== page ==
Common medicines used to treat conditions such as hay-fever, allergies, depression, asthma, stomach ulcers, pain relief and heart conditions have been linked to a decline in brain function and increased risk of death.  Millions of people take these drugs as prescribed by their doctor or bought as over the counter remedies.

The findings, reported in the Journal of the American Geriatrics Society, result from the work of researchers in the UK and USA investigating the long term health impact of ‘anticholinergic’ medicines – so called because they affect a chemical in the brain called acetylcholine. Acetycholine is a neurotransmitter essential for the transmission of messages from one nerve cell to another.

Medicines with some degree of anticholinergic effect are wide-ranging.  The drugs with the greatest impact include anti-depressants such as Amitriptyline, Imipramine and Clomipramine; tranquilisers such as Chlorpromazine and Trifluoperazine; bladder medication such as Oxybutynin; and antihistamines such as Chlorphenamine (in Piriton).  Other drugs with anticholinergic effects include Atenolol, Furosemide and Nifedipine for heart problems; painkillers such as Codeine and Dextropropoxyphene; the asthma treatment Beclometasone; the epilepsy treatment Carbamazepine; and Timolol eyedrops which are used for glaucoma.

Anticholinergic medicines have long been associated with more minor side effects e.g., dry mouth, blurred vision, constipation and feeling drowsy.  But this new finding of an association with serious and potentially life-threatening side effects is extremely worrying and indicates that the impact of these medicines on our health is not fully understood.

To determine the effects of anticholinergic medicines the researchers examined the medication records for more than 13,000 men and women aged 65 and over who had been enrolled in the Medical Research Council (MRC) Cognitive Function and Ageing Study between 1991 and 1993.  Around half of those in the study population were found to use a medication with potential anticholinergic properties.

Eighty drugs were rated for their anticholinergic activity and each drug taken by participants was given a score based on the strength of its anticholinergic activity or AntiCholinergic Burden (ACB) – 0 for no effect, 1 for mild effect, 2 for moderate effect and 3 for severe effect.  For example, Codeine (a painkiller) and Warfarin (a blood thinner) have a mild effect and therefore a score of 1, while Piriton (an antihistamine) and Seroxat (an antidepressant) have a severe effect and a score of 3.  A full list of the drugs investigated and their scores is available on the University of East Anglia website.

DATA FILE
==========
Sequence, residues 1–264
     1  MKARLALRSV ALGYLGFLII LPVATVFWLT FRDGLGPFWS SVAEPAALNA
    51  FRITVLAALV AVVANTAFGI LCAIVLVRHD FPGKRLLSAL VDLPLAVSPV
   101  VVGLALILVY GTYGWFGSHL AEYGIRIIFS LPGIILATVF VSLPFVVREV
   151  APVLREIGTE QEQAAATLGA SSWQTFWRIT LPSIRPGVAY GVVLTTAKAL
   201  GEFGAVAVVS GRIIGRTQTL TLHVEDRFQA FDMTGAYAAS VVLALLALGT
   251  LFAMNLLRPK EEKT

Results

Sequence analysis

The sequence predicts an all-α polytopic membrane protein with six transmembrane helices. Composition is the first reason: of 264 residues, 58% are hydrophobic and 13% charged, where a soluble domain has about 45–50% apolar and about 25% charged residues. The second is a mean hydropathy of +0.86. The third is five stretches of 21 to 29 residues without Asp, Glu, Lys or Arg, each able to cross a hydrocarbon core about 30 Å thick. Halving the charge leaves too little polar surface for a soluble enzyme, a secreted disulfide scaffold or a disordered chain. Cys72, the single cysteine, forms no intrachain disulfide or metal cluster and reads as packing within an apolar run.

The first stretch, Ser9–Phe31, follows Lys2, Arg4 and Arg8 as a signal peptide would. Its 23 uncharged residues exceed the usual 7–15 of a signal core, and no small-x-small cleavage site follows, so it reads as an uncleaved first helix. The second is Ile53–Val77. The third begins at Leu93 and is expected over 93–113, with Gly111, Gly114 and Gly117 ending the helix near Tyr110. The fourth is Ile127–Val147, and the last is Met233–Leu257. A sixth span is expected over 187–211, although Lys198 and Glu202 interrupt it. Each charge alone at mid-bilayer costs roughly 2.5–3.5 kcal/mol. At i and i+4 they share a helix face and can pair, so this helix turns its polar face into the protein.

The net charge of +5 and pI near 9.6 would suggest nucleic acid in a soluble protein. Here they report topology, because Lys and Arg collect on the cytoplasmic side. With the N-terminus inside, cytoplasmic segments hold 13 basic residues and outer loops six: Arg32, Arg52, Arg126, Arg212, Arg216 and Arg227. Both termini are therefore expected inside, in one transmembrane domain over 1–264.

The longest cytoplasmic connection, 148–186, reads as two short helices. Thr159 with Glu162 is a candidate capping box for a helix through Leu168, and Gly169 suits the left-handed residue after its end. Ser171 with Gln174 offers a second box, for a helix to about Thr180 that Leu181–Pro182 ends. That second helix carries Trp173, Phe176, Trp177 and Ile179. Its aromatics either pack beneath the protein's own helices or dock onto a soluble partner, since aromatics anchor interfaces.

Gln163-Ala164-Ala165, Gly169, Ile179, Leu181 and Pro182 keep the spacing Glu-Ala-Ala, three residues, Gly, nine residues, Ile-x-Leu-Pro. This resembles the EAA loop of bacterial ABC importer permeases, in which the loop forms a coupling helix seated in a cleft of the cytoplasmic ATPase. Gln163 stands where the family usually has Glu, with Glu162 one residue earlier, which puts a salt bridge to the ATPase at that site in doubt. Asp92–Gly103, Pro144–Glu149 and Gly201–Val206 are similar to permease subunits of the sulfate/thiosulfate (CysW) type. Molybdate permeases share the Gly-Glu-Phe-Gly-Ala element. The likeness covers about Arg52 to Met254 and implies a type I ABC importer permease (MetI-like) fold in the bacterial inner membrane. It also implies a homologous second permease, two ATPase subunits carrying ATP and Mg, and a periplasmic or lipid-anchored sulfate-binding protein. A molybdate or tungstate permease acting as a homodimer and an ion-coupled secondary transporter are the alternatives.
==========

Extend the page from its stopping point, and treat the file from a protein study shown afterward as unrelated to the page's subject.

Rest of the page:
A combined score for each of the 13,000 participants was calculated by adding together the scores for all the medicines they were taking, e.g., a patient taking one severe drug (score of 3) and two mild ones (scores of 1 each) would have an overall score of 5.

From their work the researchers found that:

  • 20% of participants taking drugs with a total ACB of 4 or more had died by the end of the two-year study, compared with only 7% of those taking no anticholinergic drugs.  This is the first time a link between anticholinergic medicines and death has been shown.
  • For every additional ACB point scored the chances of dying increased by 26 per cent.
  • Participants taking drugs with a combined score of 5 or more showed a 4% drop in brain function compared to those taking no anticholinergic medications.  This confirms evidence from previous smaller studies of a link between anticholinergic drugs and cognitive impairment (memory problems).
  • The increased risks from anticholinergic medicines were cumulative, based on the number of anticholinergic drugs taken and the strength of each drug’s anticholinergic activity, i.e., the greater the blockade of a patient’s medication on acetylcholine, the greater the degree of brain dysfunction and the greater the risk of death.
  • Participants who were older, of lower social class, and with a greater number of health conditions tended to take the most anticholinergic drugs.

While this study reports an association between anticholinergic medicines and increased risk of brain decline and death it does not say that the drugs caused death or reduced brain function – only that there is a link.  However, in analysing the data the researchers took into account underlying disease in the study participants and for which they were taking the medicines– and the increased risk does appear to be related to the anticholinergic effects of the drugs.

Dr Chris Fox who led the research at the University of East Anglia  said: “This is the first large scale study into the long-term impact of medicines which block acetylcholine – a common brain neurotransmitter – on humans, and our results show a potentially serious effect on mortality.  Clinicians should conduct regular reviews of the medication taken by their patients, both prescribed and over the counter, and wherever possible avoid prescribing multiple drugs with anticholinergic effects.